For the believer, you can reduce uncertainty to a large extent and make the best decision possible. You may make a terrific decision and not achieve your objective. Or, you may make a lousy decision and somehow achieve your goal. Uncertainty remains. Either way, there is one thing that is for sure: God is in control. You can trust him with the outcome.

Think about some Bible heroes who made decisions and weren’t so certain about the outcomes: 

  • Noah decided to follow God’s direction and build an ark but wasn’t exactly sure how everything would unfold.
  • Abraham faithfully followed God’s call and left his home, not knowing where he was going. 
  • At Jesus’ invitation, Peter courageously stepped out of the boat and walked on water, moving from certainty to uncertainty as he sank. 

In all three examples, each person decided in the face of uncertainty and trusted God with the outcome. 

  • Rain covered the earth, but Noah and his family were rescued in the Ark. 
  • Abraham settled down and his descendants became a mighty nation. 
  • When Peter began to doubt and sink, Jesus grabbed his hand and pulled him up.

Noah, Abraham, and Peter trusted God with the outcome. You can too! Why? God promises that he is for you, not against you (Romans 8:31). He has wonderful plans for you (Jeremiah 29:11). And he works all things together for the good of those who love him (Romans 8:28). 

When faced with uncertainty, consider asking

  • How do you reduce uncertainty when deciding? 
  • Do you trust God with the outcomes? 
  • Do you believe he has a plan for your life and will help you make sound decisions?

Look to him when you’re faced with a decision and uncertain outcomes. Whether you experience a successful result or make a mistake, know that God is in control. Place your trust in him.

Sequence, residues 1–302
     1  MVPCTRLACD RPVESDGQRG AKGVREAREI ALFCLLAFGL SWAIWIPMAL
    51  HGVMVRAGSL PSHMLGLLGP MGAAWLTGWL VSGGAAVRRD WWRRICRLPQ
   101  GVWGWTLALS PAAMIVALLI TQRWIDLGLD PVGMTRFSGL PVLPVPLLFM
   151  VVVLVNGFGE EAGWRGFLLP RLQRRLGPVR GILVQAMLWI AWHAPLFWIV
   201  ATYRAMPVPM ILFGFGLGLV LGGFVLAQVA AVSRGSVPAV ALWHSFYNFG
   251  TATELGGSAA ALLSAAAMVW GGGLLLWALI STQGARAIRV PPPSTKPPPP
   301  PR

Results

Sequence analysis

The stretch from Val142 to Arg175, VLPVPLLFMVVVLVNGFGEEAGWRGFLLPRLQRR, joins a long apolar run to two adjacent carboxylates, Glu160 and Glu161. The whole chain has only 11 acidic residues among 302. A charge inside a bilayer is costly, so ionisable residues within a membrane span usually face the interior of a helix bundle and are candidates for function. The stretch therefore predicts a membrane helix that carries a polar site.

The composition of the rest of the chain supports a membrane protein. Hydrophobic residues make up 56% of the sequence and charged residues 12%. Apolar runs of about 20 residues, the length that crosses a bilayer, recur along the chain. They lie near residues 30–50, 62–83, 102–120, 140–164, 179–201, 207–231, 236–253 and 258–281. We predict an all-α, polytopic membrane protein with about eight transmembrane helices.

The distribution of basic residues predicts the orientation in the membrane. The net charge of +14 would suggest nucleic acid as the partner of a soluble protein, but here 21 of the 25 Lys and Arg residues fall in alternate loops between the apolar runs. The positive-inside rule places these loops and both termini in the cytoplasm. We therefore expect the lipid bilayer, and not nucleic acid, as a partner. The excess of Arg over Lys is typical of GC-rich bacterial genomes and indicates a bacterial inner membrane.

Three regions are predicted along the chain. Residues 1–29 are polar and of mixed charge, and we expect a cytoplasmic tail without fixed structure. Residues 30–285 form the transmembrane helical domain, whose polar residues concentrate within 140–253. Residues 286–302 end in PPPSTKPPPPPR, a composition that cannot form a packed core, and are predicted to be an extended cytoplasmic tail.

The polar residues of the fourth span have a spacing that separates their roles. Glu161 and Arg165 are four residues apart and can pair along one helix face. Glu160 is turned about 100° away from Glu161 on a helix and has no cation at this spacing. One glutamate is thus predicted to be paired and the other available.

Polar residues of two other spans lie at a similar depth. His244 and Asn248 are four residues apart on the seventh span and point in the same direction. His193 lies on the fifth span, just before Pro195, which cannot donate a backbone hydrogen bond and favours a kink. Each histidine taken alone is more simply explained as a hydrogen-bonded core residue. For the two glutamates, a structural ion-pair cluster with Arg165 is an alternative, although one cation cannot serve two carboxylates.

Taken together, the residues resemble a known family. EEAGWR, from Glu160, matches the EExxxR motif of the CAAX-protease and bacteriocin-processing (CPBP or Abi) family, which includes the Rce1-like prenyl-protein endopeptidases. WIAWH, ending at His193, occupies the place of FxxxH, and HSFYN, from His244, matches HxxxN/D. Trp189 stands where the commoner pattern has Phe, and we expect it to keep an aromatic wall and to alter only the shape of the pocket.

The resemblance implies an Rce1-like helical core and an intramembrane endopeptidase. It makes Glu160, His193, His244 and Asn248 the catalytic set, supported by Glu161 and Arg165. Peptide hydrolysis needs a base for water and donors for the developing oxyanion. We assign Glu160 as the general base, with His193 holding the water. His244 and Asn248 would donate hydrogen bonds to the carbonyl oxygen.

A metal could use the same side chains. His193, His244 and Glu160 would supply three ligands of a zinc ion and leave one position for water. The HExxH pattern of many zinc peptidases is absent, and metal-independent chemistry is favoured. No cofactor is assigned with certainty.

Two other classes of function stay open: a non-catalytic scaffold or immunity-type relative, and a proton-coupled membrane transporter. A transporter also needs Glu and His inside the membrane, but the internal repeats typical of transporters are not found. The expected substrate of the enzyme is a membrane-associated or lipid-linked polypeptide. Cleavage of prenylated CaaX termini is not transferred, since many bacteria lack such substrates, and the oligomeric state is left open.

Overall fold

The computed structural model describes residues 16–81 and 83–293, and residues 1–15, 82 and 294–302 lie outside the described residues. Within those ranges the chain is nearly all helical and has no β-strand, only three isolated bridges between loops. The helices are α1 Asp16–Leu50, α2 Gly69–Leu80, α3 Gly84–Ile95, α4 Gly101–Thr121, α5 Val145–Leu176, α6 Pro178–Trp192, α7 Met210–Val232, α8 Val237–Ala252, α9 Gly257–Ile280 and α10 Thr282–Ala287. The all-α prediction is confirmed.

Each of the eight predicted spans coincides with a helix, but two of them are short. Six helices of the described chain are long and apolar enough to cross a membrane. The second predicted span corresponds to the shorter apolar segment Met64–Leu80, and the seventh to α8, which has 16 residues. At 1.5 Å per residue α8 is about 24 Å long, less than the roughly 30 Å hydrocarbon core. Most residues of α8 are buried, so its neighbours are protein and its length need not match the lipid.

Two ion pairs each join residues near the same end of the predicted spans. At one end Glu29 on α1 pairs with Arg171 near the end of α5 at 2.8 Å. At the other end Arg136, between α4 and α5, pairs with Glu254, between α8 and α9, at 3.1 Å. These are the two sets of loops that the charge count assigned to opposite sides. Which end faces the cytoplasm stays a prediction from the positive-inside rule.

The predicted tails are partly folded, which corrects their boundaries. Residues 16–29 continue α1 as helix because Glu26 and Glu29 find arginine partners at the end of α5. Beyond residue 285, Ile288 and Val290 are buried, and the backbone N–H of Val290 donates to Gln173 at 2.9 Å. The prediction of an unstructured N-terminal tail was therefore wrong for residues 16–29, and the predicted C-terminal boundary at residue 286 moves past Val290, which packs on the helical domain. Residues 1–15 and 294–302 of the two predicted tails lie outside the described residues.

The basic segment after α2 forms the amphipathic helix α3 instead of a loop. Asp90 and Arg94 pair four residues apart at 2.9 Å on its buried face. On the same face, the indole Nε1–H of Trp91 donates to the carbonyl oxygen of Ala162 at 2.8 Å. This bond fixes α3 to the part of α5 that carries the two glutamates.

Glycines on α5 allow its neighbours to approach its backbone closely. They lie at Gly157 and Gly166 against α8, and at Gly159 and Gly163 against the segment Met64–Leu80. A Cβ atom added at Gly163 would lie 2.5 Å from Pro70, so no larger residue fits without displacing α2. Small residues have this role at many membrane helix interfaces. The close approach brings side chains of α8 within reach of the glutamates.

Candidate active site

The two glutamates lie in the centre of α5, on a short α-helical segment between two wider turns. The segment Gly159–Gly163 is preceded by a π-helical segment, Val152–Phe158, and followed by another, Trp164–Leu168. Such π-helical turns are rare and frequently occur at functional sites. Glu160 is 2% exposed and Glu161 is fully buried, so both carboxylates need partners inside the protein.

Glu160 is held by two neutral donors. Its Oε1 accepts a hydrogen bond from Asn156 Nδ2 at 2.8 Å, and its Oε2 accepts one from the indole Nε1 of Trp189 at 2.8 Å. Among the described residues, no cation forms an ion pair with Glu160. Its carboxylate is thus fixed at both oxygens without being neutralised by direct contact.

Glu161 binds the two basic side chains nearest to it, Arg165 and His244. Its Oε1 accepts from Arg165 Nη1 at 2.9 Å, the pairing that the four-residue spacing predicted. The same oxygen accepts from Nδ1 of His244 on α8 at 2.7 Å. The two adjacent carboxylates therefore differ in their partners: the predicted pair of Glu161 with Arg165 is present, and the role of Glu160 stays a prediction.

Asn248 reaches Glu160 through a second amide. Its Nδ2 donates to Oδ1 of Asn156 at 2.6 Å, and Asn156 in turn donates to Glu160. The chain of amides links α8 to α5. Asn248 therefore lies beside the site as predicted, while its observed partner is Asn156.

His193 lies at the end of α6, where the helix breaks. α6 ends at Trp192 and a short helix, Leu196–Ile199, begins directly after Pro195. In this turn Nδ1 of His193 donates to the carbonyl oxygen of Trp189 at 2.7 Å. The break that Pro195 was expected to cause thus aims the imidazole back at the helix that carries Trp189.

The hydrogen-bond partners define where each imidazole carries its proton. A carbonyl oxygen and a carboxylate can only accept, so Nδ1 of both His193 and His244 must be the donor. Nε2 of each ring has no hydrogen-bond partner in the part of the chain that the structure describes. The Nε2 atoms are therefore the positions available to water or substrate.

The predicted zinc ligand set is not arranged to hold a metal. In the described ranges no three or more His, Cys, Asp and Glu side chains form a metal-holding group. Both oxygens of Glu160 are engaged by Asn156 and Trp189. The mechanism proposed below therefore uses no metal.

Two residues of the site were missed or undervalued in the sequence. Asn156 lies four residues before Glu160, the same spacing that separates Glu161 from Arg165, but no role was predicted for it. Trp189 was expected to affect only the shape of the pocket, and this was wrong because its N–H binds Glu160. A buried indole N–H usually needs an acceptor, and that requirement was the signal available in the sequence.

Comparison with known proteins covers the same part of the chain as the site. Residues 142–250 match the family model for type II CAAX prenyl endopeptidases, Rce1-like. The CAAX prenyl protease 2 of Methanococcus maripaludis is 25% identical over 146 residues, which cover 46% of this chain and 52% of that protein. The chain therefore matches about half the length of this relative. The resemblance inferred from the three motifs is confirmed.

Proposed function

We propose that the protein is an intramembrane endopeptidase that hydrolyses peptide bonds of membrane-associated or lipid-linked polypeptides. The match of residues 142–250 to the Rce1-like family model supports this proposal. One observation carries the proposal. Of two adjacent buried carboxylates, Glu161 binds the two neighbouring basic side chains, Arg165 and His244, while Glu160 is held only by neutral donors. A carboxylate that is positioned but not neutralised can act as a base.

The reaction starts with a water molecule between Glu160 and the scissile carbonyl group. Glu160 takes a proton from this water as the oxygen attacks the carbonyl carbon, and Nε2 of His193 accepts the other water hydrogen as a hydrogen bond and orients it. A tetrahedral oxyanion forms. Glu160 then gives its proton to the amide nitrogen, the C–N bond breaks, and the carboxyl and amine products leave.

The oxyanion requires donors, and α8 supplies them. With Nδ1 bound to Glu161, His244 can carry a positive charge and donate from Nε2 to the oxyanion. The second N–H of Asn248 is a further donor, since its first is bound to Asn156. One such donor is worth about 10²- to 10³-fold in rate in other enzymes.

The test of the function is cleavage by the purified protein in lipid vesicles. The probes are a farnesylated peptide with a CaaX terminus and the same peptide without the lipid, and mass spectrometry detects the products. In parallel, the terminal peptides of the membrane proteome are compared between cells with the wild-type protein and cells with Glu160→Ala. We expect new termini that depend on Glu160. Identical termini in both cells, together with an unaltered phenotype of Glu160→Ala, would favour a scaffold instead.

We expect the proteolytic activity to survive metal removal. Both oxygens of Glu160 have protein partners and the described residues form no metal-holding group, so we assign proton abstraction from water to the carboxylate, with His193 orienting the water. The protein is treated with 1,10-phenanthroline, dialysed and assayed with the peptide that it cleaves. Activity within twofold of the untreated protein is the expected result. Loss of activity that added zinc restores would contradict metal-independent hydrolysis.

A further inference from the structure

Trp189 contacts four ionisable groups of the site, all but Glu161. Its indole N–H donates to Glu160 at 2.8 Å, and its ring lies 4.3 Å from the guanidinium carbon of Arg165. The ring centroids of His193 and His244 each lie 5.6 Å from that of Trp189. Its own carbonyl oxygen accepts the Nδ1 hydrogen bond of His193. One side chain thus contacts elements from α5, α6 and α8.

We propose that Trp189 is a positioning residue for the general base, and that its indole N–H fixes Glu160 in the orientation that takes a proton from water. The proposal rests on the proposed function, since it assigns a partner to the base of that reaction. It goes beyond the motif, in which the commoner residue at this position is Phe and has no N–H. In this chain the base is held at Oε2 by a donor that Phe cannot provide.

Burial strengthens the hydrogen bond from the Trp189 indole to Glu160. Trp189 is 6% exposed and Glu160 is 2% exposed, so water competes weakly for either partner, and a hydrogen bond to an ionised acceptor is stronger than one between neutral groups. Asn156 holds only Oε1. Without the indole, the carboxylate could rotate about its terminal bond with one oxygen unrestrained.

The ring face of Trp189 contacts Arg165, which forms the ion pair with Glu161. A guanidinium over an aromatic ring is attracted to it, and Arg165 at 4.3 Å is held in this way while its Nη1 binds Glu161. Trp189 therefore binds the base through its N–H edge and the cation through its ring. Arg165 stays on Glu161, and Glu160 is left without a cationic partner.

Do want to learn more? Visit http://www.prestonpoore.com

Cheers,

Pres


[1] Dale Carnegie, The Leader in You (Diamond Pocket Books Pvt Ltd, 2020).

prestonpoore-133
meet

Preston Poore

I’m a disciple of Christ and an executive at a Fortune 500 Company. In my blog, The Discipled Leader, I draw on my diverse business experience to help Christians connect their secular and spiritual lives at work.

As a certified coach, speaker, and trainer with the John Maxwell Team, I help others grow their relationship with Christ, develop their leadership skills, and understand how they can make a positive difference in today’s chaotic world.

10 Ways to Elevate Your Leadership

Tired of feeling like your leadership skills are ineffective and you can’t figure out a way to improve? Take your influence to new heights with “10 Ways to Elevate Your Leadership” and become the leader others will want to follow today!

Please enter your name.
Please enter a valid email address.
Something went wrong. Please check your entries and try again.
C_FORTH_FS_DIN_20160315_0731_color

Want to Book Preston for your next event?

Books By Preston Poore

 My perspective is that stronger leadership comes through building a stronger faith. That’s why I’ve published 21 Days to Sound Decision Making and The Discipled Leader. Grab these to help you tap into your potential and make a significant impact on your family, business and community.